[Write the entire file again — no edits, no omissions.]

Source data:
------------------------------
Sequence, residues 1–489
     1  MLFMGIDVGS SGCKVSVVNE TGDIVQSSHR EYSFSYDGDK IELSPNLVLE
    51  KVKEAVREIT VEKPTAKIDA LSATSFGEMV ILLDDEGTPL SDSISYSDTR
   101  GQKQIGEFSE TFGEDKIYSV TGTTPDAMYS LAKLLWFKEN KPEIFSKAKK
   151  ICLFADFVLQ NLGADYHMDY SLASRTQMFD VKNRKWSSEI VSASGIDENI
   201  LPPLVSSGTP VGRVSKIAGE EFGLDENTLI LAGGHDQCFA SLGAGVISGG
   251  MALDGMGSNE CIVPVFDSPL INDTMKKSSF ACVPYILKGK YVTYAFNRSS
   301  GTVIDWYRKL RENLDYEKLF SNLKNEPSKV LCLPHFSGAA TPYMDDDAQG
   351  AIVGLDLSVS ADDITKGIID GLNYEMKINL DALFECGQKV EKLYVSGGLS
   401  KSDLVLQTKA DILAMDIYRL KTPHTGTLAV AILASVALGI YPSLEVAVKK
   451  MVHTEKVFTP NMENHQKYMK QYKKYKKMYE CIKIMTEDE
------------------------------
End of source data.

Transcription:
Sequence, residues 1–489
     1  MLFMGIDVGS SGCKVSVVNE TGDIVQSSHR EYSFSYDGDK IELSPNLVLE
    51  KVKEAVREIT VEKPTAKIDA LSATSFGEMV ILLDDEGTPL SDSISYSDTR
   101  GQKQIGEFSE TFGEDKIYSV TGTTPDAMYS LAKLLWFKEN KPEIFSKAKK
   151  ICLFADFVLQ NLGADYHMDY SLASRTQMFD VKNRKWSSEI VSASGIDENI
   201  LPPLVSSGTP VGRVSKIAGE EFGLDENTLI LAGGHDQCFA SLGAGVISGG
   251  MALDGMGSNE CIVPVFDSPL INDTMKKSSF ACVPYILKGK YVTYAFNRSS
   301  GTVIDWYRKL RENLDYEKLF SNLKNEPSKV LCLPHFSGAA TPYMDDDAQG
   351  AIVGLDLSVS ADDITKGIID GLNYEMKINL DALFECGQKV EKLYVSGGLS
   401  KSDLVLQTKA DILAMDIYRL KTPHTGTLAV AILASVALGI YPSLEVAVKK
   451  MVHTEKVFTP NMENHQKYMK QYKKYKKMYE CIKIMTEDE